Should You Learn To Draw Before Learning To Paint?

Should You Learn To Draw Before Learning To Paint?

Whatever you think about learning to paint as an artist there is one thing you cannot forget – the need to be able to draw. Ultimately it doesn’t matter what you want to do an ability to control line and shape is a definite must.

You can have fun learning to paint watercolors by allowing water to naturally assist in color movement and color mixing…

“As a beginner this is perhaps the easiest way to get a fast fundamental understanding of how paints work”

Without doubt it is the surest way to overcome the fear of things going wrong because that is exactly what you are trying to discover. The advantages of taking this approach to learning to paint are invaluable. You quickly understand that great results can be achieved without needing 10 years of painting experience before you get something resembling a decent result.

That is fine but somewhere, sooner or later, you will want to take control…

This is where the ability to draw becomes important. And, as with removing the painting fear factor as soon as possible, it is a good idea to get started as early as you can with basic drawing skills.

There is no reason to be afraid of drawing, whether you believe it or not you can learn. Not only that but, like discovering that watercolors can be left to paint themselves, there are simple and easy lessons that quickly grow your drawing skills. In less than 4 weeks you can develop drawing techniques that give you plenty of artistic scope. Of course it takes longer than a month to be proficient with drawing or painting but there is no reason why you can’t develop both skills at the same time.

Although it sounds as if it makes sense to separate learning streams you might find that you gain more encouragement from running drawing lessons alongside a painting course. The benefits are that the times where your access to painting materials are restricted (ie. when you are at work doing the day job) you can steal a few minutes to scribble a sketch on a piece of scrap paper.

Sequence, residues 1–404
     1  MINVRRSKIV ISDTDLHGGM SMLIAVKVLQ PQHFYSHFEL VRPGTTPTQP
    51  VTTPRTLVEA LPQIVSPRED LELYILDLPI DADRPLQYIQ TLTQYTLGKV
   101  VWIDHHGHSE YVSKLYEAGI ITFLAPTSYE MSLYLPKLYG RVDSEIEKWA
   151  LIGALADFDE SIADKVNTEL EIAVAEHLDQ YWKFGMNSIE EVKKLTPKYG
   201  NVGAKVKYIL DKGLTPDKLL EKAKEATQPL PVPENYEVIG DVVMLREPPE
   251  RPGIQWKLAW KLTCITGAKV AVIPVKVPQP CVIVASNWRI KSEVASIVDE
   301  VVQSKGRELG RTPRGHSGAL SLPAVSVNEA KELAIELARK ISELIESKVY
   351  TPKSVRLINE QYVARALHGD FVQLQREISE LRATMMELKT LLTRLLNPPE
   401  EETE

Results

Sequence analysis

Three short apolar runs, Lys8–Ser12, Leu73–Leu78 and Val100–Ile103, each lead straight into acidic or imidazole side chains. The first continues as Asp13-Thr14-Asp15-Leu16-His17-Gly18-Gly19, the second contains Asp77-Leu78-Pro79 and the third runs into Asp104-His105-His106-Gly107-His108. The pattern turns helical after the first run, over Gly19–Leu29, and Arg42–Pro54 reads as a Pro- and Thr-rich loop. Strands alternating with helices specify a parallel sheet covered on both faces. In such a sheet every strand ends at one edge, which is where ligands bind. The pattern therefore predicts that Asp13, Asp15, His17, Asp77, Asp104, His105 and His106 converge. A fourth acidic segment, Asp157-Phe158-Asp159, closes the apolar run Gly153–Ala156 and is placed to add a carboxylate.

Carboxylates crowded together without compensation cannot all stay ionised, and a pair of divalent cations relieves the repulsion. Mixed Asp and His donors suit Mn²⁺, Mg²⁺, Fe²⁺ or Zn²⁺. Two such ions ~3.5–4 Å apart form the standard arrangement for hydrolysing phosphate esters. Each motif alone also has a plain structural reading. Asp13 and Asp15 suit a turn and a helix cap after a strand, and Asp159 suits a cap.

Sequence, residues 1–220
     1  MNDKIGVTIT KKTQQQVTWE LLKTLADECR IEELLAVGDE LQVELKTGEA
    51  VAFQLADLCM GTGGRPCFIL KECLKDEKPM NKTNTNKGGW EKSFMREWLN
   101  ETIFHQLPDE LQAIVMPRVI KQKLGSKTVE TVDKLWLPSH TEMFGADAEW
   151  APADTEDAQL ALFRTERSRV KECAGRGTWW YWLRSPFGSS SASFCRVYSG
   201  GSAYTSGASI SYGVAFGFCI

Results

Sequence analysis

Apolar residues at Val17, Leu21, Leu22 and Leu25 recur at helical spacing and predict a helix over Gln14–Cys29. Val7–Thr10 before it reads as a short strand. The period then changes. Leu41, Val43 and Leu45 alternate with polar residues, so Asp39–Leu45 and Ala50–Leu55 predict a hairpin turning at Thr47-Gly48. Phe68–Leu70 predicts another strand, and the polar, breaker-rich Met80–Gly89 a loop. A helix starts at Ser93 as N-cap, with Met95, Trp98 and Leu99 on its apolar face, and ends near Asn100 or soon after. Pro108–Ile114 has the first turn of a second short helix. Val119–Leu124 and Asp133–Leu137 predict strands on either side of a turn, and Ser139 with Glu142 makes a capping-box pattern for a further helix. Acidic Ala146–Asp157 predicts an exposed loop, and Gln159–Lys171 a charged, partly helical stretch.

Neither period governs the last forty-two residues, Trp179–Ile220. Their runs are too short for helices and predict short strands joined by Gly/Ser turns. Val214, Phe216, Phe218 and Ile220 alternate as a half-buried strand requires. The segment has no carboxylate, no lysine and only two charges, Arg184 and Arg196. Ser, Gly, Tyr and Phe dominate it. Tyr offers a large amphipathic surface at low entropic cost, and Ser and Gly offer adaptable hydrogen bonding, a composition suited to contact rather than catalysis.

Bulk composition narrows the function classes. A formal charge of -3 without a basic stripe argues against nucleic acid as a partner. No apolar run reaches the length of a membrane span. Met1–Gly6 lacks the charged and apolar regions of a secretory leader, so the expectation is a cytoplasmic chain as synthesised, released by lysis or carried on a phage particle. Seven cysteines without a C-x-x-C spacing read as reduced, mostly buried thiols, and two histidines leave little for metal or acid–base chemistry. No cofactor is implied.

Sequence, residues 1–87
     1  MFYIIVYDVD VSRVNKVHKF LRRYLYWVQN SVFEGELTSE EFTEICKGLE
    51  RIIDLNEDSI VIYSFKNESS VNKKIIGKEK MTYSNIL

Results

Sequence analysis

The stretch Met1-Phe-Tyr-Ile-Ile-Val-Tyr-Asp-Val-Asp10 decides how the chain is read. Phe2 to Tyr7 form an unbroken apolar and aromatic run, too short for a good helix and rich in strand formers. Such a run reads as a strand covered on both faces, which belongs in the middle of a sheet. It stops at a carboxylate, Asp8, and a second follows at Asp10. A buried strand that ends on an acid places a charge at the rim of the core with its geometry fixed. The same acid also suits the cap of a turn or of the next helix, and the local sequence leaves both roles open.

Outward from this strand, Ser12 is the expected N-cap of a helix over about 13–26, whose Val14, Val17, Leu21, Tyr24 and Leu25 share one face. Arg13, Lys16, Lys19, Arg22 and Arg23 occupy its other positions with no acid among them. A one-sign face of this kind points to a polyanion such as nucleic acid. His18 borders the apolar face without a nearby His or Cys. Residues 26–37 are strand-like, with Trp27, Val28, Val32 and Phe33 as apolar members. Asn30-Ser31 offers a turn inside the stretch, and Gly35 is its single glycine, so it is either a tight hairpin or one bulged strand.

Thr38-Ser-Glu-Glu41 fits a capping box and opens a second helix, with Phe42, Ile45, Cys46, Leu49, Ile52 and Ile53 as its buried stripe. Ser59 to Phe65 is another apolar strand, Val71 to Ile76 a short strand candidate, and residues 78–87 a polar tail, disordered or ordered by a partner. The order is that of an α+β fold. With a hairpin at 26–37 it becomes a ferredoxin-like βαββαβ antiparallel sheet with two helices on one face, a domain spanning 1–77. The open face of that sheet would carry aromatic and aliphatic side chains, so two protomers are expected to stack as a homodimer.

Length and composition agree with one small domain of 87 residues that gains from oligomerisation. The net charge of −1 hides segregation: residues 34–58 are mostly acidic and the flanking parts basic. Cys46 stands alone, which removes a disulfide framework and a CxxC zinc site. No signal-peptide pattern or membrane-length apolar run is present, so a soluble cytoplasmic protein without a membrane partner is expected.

Maybe you already doodle on note paper while you taking phone calls or make random marks on the puzzle page of a newspaper…

“This is an ideal way of developing a natural drawing style which builds great confidence without pain”

So, if you are sensible in choosing to start with the simplest and easiest watercolor painting course available you can develop your drawing skills alongside. If you are particularly ambitious and determined to work hard you could be reading about and preparing for the next stage even before fully mastering the elementary stages. But then…

“It may be better to learn to walk before trying to run”

Also, even if you are already following a course that concentrates upon specific specialist subject matter, like portrait sketching or painting wildlife in nature you occasionally need a break. This kind of art can be hard work for the expert and, as a beginner, maybe feels too much to cope with.

Yet, if you have talent and are determined to succeed, wouldn’t it be a shame to fail?

And why should you fail if you allow yourself to relax and have fun. You never know if splashing paint around and light-heartedly scribbling on scrap might not accidentally show you better ways to reach your artistic goals… That is unless you try. There is nobody else can tell you what is right for you, it is up to you to find out for yourself.

And, when you do try what do you think the result will be?